This week on Truthful Tuesday, hosted by Thoughts and Theories, asks:
When you were in grade school, what did you want to be when you grew up? Were you right, or did you end up doing something else?
Was I right? Not even close.
…and if by grade school, you mean before the 6th grade or middle school, those days were spent doing the piles upon piles of homework while attending classes from 7 in the morning until 5 at night, I didn’t have the time nor the luxury to ponder upon what I want to be when I grown up. I now know it’s probably a ploy to numb children’s brain so they don’t have a shred of imagination.
To tell the truth, I have never thought of what I want to really be until high school. Sure, there were a few daydreams here and there about wanting to be an astronaut and a successful business woman wearing couture to work and having a large office in a skyscraper but there was no specifics.
Unlike middle school, high school was a rush-through trip for me. Mom had this plan of having me graduate high school in 2 years along with an associate degree. I spent Freshman year (9th grade) taking a full load of classes in high school during the day and college classes at night. My brain and body were cut out for this. I was so physically and mentally tired by the time my parents suddenly decided to move from California to Texas that I didn’t even feel sad about leaving the friends I have made.
By the time my mom and I moved to Utah, I was starting my junior year (11th grade) but I had completed most of my junior year classes during the summer because mom still wanted me out of high school as soon as possible. I don’t know why.
By the time senior year rolled around, the only required class I had left was Calculus. I was only in school for half days every other day by then. High school run in a block schedule so most classes (except Calculus) meet every other day. So I sought out elective classes like Graphic arts and that was the first time I saw myself as a graphic artist.
Unfortunately, trade school wasn’t mom-approved and her friend pushed me toward civil engineering saying it’s a “hot” major. I still hate them – mom and friend – for making me choose this major because they didn’t listen to what I have to say nor did they take into account the physical demand of the job. I was not at all prepared for this and I more or less wasted 5 years on something that I couldn’t get a job because of all the interviews I went to, the interviewer took one look at me and thought I’d be incapable.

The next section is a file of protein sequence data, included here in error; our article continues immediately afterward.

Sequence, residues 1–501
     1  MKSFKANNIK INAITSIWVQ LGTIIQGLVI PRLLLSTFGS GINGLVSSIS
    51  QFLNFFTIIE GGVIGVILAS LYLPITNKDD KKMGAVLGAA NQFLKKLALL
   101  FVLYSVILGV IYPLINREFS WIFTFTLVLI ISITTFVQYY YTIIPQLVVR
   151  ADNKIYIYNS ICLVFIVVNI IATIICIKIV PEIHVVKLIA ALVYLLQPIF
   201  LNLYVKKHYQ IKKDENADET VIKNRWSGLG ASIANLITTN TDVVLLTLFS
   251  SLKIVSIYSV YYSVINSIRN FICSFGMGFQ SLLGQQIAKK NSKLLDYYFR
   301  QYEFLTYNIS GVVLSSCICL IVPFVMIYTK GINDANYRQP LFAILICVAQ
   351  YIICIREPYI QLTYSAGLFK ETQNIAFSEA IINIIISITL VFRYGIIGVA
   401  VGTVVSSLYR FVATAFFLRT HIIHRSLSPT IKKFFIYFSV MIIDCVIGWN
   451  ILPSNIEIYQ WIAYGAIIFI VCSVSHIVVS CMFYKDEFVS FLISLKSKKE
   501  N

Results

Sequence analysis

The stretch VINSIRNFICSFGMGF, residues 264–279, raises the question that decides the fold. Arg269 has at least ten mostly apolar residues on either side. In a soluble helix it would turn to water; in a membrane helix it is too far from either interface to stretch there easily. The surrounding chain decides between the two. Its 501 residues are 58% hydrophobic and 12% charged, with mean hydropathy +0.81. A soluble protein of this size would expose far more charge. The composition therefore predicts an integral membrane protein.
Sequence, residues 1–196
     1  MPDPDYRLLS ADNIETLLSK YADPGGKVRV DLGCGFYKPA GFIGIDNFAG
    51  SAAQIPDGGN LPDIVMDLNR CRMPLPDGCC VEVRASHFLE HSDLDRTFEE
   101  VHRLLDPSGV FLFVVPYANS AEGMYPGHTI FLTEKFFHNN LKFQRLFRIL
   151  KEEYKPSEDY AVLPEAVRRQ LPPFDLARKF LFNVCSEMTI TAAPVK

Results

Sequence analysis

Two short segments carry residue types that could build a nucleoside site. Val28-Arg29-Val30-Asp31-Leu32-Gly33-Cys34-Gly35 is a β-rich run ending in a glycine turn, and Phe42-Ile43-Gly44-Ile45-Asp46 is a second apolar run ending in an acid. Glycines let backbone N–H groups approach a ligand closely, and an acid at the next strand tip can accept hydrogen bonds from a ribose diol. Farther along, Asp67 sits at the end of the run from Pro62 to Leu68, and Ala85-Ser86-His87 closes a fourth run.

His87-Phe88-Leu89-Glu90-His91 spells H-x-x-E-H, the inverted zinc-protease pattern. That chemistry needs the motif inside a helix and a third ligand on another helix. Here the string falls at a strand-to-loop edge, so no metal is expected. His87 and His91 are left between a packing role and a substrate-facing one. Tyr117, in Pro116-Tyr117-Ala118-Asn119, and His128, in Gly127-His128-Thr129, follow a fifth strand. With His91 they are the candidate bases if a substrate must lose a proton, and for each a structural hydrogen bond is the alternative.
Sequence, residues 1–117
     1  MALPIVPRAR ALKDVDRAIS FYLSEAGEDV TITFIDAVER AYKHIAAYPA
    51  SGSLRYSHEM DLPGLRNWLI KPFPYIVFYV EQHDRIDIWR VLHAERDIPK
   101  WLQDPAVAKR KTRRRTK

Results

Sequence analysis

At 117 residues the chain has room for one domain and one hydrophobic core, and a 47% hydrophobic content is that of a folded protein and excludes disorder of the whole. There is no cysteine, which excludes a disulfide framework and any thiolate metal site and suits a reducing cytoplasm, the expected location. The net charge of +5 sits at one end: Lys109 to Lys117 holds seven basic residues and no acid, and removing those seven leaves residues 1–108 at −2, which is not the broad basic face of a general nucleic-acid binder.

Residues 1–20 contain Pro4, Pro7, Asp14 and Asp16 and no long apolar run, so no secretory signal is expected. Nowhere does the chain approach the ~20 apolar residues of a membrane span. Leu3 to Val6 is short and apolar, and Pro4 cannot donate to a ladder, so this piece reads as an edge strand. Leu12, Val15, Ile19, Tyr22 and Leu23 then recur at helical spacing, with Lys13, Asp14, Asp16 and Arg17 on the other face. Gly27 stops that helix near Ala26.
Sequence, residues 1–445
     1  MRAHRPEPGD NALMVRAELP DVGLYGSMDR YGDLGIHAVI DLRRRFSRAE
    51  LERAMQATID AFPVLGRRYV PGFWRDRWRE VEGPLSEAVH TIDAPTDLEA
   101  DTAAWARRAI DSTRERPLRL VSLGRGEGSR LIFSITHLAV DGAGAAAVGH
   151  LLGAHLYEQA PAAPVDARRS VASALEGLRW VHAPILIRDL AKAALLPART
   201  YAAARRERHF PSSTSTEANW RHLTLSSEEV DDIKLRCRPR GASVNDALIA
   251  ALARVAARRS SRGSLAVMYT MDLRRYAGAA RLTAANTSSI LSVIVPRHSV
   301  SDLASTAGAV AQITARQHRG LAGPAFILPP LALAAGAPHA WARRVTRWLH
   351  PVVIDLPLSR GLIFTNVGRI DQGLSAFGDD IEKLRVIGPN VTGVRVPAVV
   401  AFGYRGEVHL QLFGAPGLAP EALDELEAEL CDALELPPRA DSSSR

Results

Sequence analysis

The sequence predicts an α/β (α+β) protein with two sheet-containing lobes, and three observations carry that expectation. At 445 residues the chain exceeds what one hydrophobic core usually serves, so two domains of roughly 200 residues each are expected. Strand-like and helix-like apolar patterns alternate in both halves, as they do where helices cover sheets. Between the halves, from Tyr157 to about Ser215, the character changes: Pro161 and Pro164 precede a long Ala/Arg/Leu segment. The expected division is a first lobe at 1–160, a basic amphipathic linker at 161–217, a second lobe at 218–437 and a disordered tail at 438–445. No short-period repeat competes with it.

Despite of being her fault for thrusting me into doing something I don’t want to do, mom blamed me for not being able to get a job in civil engineering as by the time I graduated, a lot of engineering positions have moved overseas to the Middle East, which wasn’t a mom-approved place.
On the drive to my first college graduation, mom started planning for the next leg of my journey in life – another college degree. Accounting was the major she had in mind and before I could argue further (because what’s the use?), accounting it was. This took me 2 years to complete, after getting 50% of my classes waived.
It wasn’t until 2015 when I visited the Deloitte and Touche (a big accounting firm) office in Chicago that I seriously contemplated my future as an accountant. I actually saw myself moving to a big city and working for large accounting firms. I saw myself living alone in an apartment and enjoying it. “I can get used to this.” I told myself.
Unfortunately, fate had other plans – plans that involved my mom being glued to my side for probably until one of our demise. Though the job I have now isn’t even remotely what I had in mind, it’s still stable income and it’s all I can live with for now.